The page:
Opinion Summaries for the

Below are our summaries of last week’s precedential appellate decisions from the Pennsylvania and New Jersey state courts, as well as the Third Circuit. Click on a case name, and you will be redirected to the court’s entire opinion.


Commonwealth v. Bathurst (Criminal Law, DUI)

The Pennsylvania Superior Court ruled that defendant was subject to a mere encounter when officers pulled up behind his lawfully-parked car, approached it, and asked him a few questions. The Court also ruled that the evidence was sufficient to prove operation because the car was running.

Shellenberger v. Kreider Farms (Civil Law, Summary Judgment)

In this asbestos-mesothelioma case, the Pennsylvania Superior Court reversed an order granting summary judgment in an employer’s favor. The Court held that the employer had a heightened duty to its employee – an invitee –  to protect him from known dangers and those which might be discovered with reasonable care.

Chiles v. Miller (Civil Law, Wiretap Act)

The Pennsylvania Superior Court ruled that an assistant district attorney violated the Wiretap Act when he gave recordings of prison calls to civil attorneys. It was lawful for the ADA to get the calls while investigating a crime, but it was unlawful to give them to attorneys for civil purposes. 

V.L.-P. V. S.R.D. (Family Law, Genetic Testing)

The Pennsylvania Superior Court reversed an order of the Court of Common Pleas and held that a mother must subject her child to a genetic paternity test so that the potential father could have an opportunity to prove his claim of fraud.

City of Harrisburg v. Prince (Administrative Law, Right-to-Know Law)

The Pennsylvania Commonwealth Court dealt with this Right-to-Know Law matter on remand from the Supreme Court. Here, the Court affirmed the order that disclosed limited information about donors to a city’s defense fund because the lower court properly balanced privacy interests against public interests. 

Puricelli v. Pa. Dep’t of Transp. (Office of Chief Counsel) (Administrative Law, Medical Records)

The Pennsylvania Commonwealth Court ruled that a requester was not entitled to another driver’s medical information retained by PennDOT, even though the other driver consented to the release and a Court of Common Pleas judge ordered the records released.

Commonwealth v. Trainer (Administrative Law, Civil Forfeiture)

The Pennsylvania Commonwealth Court held that Pa.R.Crim.P. 588 does not permit a trial court to order personal property seized and sold at fair market value, with the proceeds returnable to the original owner, where the Commonwealth presents no evidence.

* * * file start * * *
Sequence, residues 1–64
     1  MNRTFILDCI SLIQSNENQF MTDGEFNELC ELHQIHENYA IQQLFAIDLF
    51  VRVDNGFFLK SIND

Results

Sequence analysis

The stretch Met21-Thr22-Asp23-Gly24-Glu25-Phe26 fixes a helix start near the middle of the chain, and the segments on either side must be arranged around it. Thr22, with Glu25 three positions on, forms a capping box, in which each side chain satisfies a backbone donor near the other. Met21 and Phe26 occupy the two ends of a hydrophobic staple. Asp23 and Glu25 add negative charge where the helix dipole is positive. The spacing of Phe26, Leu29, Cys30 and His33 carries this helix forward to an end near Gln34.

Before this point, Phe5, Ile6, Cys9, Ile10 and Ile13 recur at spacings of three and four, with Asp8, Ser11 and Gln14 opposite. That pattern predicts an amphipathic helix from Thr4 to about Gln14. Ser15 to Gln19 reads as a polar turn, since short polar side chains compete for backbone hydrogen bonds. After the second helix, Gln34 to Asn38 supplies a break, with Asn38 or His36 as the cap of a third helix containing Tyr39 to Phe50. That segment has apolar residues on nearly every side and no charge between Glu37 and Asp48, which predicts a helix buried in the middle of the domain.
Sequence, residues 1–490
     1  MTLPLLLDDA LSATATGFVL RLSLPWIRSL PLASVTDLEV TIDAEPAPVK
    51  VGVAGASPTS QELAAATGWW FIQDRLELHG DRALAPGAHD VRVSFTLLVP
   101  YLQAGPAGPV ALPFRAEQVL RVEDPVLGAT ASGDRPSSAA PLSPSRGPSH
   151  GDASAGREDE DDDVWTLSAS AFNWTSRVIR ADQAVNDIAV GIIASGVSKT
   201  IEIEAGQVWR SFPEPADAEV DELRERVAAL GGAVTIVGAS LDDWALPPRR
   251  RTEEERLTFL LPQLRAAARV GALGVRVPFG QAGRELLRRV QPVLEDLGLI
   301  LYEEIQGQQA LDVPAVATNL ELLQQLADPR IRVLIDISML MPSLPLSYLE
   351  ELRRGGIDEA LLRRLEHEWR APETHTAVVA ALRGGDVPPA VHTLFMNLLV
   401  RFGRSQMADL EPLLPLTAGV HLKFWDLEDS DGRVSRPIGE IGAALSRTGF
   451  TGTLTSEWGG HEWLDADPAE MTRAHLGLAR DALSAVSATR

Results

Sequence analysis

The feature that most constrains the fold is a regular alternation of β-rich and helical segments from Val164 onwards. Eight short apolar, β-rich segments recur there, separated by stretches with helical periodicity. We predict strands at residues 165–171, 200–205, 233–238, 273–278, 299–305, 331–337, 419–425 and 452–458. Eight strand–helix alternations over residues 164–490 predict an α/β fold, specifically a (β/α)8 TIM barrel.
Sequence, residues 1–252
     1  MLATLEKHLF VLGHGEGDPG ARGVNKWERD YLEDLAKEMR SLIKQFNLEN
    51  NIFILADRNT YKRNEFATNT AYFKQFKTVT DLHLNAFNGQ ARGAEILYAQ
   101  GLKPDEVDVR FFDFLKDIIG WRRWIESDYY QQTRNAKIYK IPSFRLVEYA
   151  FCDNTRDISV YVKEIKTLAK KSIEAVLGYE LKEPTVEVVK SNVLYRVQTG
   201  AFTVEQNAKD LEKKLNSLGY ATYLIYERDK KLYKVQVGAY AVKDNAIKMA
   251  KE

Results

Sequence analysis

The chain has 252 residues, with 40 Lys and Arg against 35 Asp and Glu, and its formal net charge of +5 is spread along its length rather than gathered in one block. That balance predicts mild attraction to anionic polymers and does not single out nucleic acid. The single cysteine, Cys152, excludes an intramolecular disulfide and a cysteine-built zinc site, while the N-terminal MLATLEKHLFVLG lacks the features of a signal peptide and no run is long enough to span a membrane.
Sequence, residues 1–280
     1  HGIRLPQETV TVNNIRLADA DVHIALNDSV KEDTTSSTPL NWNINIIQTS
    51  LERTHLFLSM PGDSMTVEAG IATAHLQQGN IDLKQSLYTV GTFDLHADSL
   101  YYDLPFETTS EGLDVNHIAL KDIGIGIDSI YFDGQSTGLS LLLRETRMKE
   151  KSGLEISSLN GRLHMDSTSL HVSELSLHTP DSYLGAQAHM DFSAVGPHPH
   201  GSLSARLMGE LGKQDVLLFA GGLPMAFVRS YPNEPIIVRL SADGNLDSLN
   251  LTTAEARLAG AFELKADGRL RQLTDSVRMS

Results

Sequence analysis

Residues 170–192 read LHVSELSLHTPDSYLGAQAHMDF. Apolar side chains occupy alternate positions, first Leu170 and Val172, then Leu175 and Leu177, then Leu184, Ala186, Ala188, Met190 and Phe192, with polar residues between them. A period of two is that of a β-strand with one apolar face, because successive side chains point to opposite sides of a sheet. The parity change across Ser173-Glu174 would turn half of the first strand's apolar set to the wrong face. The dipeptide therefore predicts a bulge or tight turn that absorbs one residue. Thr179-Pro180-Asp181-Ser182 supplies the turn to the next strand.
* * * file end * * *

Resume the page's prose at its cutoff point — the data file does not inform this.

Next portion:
Freedman v. Freedman (Family Law)

The New Jersey Appellate Division dealt with a fight between divorced parents over the cremated remains and personal belongings of their 20-year-old son. The case offers guidance on how the remains of a child should be handled when parents cannot agree.


United States v. Heinrich (Criminal Law, Child Pornography)

The Third Circuit rejected defendant’s challenge to child pornography convictions. He claimed that he only took pictures of girls’ genitals to show beauty and innocence, not “sexually explicit conduct.” The Court held that his claim was legally irrelevant, and he could not call an expert to support his claim.

Jaludi v. Citigroup & Co. (Civil Law, Jurisdiction)

The Third Circuit ruled that neither the Sarbanes-Oxley’s statute of limitations nor its requirement for a litigant to exhaust his administrative remedies is jurisdictional. Nonetheless, the Court affirmed the District Court’s dismissal of the plaintiff’s whistleblower claim.

O’Brien v. Middle East Forum (Civil Law, Employment Law)

In this workplace sexual harassment case, the Third Circuit faulted the lower court for failing to instruct the jury that if it found the plaintiff’s supervisor to be a proxy or alter ego of the employer, the Faragher/Ellerth defense was unavailable.

Wilson v. USI Ins. Serv. LLC (Civil Law, COVID-19)

The Third Circuit predicted that the Supreme Courts of Pennsylvania and New Jersey would rule that businesses did not suffer a physical loss of property when they shut down due to their governors’ orders during the pandemic. As such, the businesses’ insurance policies need not cover any losses suffered.

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